Organizers of a 2020 grassroots push that used robocalls in an effort to oust Mayor John Cooper via referendum agreed to pay more than $1 million to settle a class action federal lawsuit, court documents show.
The parties agreed to settle in February, but details of the settlement only became public this month. U.S. District Judge Eli Richardson signed off on the preliminary agreement Wednesday.
Nashville residents, possibly thousands of them, received automated calls on the evening of July 16, 2020, that included a prerecorded message urging voters to sign a petition to recall the mayor.
The payout is estimated to be $30-$100 for each class member, according to the settlement agreement.
Federal suit over Telephone Consumer Protection Act claim
The calls may have violated federal law, the suit argued.
The calls came from No Tax 4 Nash, one of several affiliated organizations that unsuccessfully sought the signatures in response to a property tax increase in Davidson County.
Metro Council passed a 34% property tax hike and broad cuts or status quo budgets for many departments in June 2020 as the city moved to respond to the economic downturn tied to the COVID-19 pandemic amid an already-strained budget.
Two suits filed against the calls were consolidated later that summer.
The suit argued the group’s use of both automated dialing and prerecorded messages flouted the 1991 Telephone Consumer Protection Act. Congress found that such calls are a greater nuisance and invasion of privacy than live solicitation calls and are therefore prohibited.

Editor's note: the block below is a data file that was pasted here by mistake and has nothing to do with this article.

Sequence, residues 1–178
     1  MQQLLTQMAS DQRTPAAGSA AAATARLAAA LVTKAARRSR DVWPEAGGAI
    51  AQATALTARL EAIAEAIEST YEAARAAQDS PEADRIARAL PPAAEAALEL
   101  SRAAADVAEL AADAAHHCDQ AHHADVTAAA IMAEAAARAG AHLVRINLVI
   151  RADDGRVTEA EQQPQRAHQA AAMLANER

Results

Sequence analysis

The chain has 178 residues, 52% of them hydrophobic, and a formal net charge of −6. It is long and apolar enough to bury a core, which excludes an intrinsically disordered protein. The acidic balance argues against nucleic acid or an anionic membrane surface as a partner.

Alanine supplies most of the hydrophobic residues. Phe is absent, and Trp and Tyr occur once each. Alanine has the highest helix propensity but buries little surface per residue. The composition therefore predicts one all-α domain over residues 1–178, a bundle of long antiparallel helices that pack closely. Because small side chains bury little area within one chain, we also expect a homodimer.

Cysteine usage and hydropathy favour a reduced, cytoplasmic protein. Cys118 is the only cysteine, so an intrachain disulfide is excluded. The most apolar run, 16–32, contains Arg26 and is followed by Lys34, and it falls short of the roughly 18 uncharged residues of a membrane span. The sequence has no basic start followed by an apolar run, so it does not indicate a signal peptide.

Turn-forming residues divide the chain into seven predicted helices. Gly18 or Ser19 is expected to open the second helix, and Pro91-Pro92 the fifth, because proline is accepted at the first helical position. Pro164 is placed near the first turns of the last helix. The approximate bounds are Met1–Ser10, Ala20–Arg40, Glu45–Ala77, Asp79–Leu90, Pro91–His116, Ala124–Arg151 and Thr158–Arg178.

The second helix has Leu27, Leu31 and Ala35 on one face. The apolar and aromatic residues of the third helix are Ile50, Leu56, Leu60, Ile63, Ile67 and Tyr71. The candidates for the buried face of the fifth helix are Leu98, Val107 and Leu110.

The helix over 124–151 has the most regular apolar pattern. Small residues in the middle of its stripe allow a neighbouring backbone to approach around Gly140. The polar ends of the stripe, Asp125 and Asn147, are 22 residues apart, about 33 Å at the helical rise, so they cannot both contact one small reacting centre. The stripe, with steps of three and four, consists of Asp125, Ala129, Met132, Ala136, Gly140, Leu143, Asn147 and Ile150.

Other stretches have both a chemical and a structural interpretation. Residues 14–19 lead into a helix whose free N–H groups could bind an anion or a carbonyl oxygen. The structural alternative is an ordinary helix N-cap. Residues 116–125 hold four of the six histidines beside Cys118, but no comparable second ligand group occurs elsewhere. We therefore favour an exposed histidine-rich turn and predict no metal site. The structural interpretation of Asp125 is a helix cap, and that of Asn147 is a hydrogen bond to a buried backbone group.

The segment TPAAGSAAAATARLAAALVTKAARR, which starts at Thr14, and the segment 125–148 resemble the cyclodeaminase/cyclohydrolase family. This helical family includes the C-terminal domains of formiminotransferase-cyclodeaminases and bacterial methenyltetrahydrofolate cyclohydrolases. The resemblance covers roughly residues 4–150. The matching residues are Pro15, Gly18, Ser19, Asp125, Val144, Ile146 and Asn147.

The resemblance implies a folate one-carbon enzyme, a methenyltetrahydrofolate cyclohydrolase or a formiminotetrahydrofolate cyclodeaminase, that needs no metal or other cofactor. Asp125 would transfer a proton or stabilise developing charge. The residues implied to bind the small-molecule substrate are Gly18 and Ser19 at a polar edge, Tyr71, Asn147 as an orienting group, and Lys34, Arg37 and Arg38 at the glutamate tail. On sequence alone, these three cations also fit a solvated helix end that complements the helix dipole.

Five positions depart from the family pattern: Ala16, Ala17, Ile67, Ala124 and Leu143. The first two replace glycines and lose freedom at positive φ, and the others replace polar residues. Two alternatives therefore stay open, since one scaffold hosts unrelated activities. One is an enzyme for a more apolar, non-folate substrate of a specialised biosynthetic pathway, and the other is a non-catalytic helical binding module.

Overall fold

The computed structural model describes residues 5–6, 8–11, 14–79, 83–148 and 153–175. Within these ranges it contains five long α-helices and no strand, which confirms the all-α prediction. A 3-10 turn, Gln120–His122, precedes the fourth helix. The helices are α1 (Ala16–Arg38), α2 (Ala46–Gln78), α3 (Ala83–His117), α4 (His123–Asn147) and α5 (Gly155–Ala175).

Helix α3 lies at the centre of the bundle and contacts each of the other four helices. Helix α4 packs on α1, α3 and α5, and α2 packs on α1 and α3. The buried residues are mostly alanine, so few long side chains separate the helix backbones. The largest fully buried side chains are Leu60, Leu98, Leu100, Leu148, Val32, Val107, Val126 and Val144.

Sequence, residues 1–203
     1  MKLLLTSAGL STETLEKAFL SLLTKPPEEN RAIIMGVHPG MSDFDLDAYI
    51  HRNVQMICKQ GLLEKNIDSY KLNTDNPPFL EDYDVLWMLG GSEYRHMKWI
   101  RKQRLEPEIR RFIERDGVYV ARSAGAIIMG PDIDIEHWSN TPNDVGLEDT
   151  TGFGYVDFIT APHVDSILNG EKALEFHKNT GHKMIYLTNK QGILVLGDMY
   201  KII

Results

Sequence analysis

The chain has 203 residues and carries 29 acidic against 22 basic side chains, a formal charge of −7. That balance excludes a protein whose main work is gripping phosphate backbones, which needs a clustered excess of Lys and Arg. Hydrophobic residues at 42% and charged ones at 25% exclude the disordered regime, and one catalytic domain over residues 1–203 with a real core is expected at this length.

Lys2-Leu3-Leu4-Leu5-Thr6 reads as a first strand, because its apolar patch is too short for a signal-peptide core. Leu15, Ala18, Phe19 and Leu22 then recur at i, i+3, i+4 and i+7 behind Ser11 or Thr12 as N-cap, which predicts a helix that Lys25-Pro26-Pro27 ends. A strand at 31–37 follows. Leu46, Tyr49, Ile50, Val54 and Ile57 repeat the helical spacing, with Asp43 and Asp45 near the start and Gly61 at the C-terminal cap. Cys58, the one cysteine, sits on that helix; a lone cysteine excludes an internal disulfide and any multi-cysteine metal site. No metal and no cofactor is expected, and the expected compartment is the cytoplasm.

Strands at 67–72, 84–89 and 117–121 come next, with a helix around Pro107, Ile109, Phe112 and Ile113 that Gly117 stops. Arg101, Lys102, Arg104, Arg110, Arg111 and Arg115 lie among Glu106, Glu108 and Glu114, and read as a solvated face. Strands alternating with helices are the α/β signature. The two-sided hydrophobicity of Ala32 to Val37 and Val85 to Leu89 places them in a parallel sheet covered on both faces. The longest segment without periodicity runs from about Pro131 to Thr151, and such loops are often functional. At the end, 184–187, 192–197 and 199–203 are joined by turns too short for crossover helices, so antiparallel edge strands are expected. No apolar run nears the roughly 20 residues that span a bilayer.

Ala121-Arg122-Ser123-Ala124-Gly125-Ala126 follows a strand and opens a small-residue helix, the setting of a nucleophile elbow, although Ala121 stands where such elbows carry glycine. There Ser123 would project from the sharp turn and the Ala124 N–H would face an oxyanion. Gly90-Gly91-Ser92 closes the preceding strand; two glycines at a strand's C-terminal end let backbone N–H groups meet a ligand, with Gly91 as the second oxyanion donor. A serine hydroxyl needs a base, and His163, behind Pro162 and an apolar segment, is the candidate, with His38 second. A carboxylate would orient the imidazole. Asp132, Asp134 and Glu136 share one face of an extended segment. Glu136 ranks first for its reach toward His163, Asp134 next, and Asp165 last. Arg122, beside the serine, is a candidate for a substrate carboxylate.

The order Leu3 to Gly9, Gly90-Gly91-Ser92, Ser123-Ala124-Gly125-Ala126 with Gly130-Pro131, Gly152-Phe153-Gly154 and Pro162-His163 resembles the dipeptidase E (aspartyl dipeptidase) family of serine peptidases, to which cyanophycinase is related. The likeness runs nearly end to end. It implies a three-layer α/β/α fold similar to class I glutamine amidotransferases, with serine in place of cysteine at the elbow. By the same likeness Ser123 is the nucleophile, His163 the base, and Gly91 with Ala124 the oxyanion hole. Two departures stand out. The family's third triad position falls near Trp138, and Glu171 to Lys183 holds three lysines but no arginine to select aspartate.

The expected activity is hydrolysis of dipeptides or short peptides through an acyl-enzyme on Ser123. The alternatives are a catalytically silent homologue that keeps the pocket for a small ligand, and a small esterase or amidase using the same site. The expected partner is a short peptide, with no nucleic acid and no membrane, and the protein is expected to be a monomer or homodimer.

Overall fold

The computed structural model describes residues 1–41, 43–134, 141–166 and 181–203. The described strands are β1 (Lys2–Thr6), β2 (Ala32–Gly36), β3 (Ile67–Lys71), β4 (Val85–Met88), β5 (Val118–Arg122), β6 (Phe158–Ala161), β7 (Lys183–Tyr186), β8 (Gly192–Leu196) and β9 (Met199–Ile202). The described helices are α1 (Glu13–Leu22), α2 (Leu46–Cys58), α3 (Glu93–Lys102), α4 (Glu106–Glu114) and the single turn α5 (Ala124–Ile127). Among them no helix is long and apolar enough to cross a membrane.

The suits named as plaintiffs Metro Nashville Public School Board member Rachael Anne Elrod; local attorneys Sarah Martin and Andrew Kaufman; Nashville resident Brooks Brasfield and all those who received the calls. The suit eventually grew to include third-party defendants: the companies that directly facilitated the calls.
No Tax 4 Nash has been tied to other organizations that are embroiled in an ongoing legal battle with Metro government that is costing taxpayers hundreds of thousands of dollars.
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The settlement agreement includes a note the defendants still deny they violated federal law and are settling to avoid the expense and “uncertainties” of the litigation.
Collectively, the defendants were ordered to deposit $1,010,500 into a settlement fund. A portion of that, up to 35%, can be claimed as attorneys fees.
The rest will be split between those with valid claims. Any leftover funds, including from uncashed checks after six months, will be donated to an as-yet-unspecified charity, the settlement order noted.
Notices to class members should be going out soon, court scheduling documents show. They’re set to be handled by a Minnesota-based firm, CAC Services Group LLC, which specializes in class action work.
A final hearing on the settlement is set for Sept. 15, after the notice and response period for class members.
Reach reporter Mariah Timms at [email protected] or 615-259-8344 and on Twitter @MariahTimms.